'Stay put' policy or 'Communal fire alarm and simultaneous evacuation' policy

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  • 'Stay put' policy or 'Communal fire alarm and simultaneous evacuation' policy

    3. Sent to residents 10072017 (a).jpg2. Original notice board evacuation plan.jpg
    Good afternoon all,

    I originally posted this on the Safety forum on 13th July after correspondence with the Fire and Rescue Safety Officer, the Local Authority and the MP for the area had failed to get the correct notice displayed.

    In short the managing agents had changed the evacuation policy to a 'stay put' policy following a fire risk assessment. They had sent individual fire policy notices to all residents on 10th July stating it was a 'Stay put' policy whilst still displaying a 'Communal fire alarm and simultaneous evacuation' policy on the notice board.

    The Safety Officer carrying out an audit under the FSO 2005 had stated the 'Stay put' policy already existed and was displayed on the notice boards, however what was displayed was a 'Communal fire alarm and simultaneous evacuation' policy.

    After numerous emails it was established that the new notices would not be placed on the notice boards until the managing agent carried out his/her monthly development inspection.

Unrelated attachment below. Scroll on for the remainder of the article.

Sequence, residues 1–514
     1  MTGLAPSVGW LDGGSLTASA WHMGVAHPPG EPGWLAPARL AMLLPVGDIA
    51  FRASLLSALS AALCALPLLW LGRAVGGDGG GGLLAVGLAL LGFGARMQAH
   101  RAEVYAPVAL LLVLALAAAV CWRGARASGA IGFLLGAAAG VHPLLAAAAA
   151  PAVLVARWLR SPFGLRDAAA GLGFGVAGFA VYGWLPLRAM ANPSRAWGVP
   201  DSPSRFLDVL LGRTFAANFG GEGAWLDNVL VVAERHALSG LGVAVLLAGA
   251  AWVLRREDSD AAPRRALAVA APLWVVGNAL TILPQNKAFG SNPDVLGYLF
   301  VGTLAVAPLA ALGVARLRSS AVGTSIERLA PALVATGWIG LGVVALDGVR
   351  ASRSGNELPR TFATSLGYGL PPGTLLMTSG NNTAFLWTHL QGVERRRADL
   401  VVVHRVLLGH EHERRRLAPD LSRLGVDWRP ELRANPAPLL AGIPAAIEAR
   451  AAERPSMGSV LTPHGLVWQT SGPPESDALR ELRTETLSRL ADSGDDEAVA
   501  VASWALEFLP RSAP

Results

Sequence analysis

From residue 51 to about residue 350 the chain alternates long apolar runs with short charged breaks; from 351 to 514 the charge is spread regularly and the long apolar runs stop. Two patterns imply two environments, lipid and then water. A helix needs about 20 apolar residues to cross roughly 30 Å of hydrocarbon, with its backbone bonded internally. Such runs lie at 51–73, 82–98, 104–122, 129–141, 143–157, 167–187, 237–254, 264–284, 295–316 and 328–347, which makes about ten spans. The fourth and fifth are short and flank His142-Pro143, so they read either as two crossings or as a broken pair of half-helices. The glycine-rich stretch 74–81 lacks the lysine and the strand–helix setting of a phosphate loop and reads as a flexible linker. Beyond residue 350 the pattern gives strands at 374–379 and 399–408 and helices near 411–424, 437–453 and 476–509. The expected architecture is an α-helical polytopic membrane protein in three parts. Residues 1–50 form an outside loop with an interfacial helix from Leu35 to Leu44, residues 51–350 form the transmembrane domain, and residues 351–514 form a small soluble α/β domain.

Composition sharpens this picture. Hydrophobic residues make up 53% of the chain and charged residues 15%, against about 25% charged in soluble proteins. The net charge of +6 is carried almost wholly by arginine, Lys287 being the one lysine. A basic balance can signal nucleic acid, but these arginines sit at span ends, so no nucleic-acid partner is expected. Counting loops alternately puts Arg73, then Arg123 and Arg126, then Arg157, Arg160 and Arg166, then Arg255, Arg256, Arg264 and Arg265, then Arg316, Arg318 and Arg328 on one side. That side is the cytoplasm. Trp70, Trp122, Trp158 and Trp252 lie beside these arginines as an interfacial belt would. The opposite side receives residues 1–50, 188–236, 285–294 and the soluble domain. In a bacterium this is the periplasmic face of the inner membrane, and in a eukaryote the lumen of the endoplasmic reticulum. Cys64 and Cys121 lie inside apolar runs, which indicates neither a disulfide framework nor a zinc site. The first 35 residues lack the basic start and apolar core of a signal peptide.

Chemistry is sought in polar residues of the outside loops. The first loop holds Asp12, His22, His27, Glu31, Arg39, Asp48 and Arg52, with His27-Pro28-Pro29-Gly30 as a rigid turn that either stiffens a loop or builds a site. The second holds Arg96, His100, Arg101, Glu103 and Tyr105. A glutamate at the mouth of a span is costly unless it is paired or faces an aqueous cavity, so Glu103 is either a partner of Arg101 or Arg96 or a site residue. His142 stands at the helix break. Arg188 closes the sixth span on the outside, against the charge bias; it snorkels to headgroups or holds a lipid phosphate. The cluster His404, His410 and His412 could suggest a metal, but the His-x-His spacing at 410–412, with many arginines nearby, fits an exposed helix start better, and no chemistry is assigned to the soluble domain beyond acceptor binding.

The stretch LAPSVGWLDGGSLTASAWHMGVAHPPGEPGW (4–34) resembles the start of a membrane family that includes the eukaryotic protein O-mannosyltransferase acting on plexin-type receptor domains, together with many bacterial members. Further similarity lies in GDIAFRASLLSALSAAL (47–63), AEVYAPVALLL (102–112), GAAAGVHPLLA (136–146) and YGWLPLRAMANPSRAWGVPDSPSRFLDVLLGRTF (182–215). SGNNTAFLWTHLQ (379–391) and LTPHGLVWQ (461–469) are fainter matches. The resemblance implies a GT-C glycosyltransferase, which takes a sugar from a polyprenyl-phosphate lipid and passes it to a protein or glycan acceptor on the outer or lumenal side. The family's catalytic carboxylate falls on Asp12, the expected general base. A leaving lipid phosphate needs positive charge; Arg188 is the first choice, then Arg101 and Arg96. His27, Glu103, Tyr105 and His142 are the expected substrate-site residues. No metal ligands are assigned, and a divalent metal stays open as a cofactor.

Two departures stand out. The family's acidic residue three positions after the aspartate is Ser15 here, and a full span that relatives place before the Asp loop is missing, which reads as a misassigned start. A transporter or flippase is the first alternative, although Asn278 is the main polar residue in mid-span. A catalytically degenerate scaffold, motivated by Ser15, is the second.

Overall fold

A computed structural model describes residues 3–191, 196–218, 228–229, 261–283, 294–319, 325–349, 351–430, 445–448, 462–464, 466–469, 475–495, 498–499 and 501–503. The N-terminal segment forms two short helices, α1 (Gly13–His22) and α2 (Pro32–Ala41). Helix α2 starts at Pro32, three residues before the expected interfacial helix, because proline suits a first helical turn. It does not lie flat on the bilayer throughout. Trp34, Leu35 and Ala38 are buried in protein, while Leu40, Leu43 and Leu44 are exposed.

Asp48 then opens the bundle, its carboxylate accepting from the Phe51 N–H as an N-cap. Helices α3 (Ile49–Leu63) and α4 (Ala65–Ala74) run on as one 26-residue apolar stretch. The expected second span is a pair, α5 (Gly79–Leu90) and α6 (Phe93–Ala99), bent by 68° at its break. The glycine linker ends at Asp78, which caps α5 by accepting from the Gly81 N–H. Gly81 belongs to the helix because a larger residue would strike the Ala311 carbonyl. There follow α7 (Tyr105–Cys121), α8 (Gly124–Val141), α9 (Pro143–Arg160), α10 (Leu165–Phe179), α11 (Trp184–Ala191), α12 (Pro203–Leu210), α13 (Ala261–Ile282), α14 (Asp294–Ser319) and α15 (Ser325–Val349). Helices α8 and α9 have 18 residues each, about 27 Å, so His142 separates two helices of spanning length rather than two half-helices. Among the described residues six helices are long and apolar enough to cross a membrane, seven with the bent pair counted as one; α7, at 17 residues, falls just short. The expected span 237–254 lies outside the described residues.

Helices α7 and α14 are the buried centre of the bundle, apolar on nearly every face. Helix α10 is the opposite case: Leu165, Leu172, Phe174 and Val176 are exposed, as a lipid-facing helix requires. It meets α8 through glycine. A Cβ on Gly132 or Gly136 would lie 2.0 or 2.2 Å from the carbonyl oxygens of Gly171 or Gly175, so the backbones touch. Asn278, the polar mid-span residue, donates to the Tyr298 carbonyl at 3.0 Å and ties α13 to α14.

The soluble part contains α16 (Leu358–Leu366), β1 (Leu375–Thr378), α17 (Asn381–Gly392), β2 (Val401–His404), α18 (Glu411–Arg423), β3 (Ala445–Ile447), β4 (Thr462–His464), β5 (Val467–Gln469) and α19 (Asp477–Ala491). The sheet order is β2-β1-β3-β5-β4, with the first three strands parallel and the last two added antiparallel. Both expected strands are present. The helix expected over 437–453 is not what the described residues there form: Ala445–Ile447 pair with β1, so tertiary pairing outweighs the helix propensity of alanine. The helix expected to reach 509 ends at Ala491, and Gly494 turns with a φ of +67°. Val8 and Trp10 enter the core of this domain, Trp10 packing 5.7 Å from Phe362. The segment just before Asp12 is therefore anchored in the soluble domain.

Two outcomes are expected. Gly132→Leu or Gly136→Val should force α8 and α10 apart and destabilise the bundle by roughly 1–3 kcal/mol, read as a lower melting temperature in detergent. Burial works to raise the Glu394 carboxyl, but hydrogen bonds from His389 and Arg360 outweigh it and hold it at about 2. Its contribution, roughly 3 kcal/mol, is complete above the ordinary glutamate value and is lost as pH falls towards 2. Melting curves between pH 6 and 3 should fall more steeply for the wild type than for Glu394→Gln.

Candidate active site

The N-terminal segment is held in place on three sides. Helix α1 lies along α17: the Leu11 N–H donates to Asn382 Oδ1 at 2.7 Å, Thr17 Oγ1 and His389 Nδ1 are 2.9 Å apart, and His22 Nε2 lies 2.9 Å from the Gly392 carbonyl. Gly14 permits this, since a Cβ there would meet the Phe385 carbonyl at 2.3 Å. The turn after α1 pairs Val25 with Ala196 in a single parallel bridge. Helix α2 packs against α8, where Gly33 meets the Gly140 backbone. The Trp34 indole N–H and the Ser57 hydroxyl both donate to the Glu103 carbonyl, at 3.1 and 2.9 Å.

This was carried out last Friday and we now have both policies displayed in the foyer. Along with both of the above we have an old fire action sign stating to sound the alarm, leave building by nearest available exit and report to assembly point and we also have a new 'Stay put' policy for use in high rise issued by the Fire and Rescue Service.

    I am again currently in correspondence with the same individuals attempting to have the correct policy only displayed, to remove any confusion that residents may have.



  • #2
    Good evening all,

    I have a question regarding fire safety in converted flats. The building is a Grade II Listed Building converted into flats around 2005.

    A communal fire detection and alarm system is incorporated with a ZP3 Fire Control Panel situated in the foyer of one block, however covers 4 blocks and 5 townhouses. In my flat there is a ZP730-2P addressable optical smoke detector fitted which is linked to the Fire Control Panel in the foyer. There are 'break glass' call points fitted and foam fire extinguishers on each level and AOV fitted to protect the stairwell. There are further detectors fitted in the communal areas and the uppermost positioned electrical meter cupboards. They are only in the uppermost service cupboards because they were never compartmentalised until last year after the visit of the Fire Safety Officer. After this visit the service cupboards were sealed at each level and new locks and keys issued to all leaseholders/residents. A fire evacuation plan was also placed on the notice boards;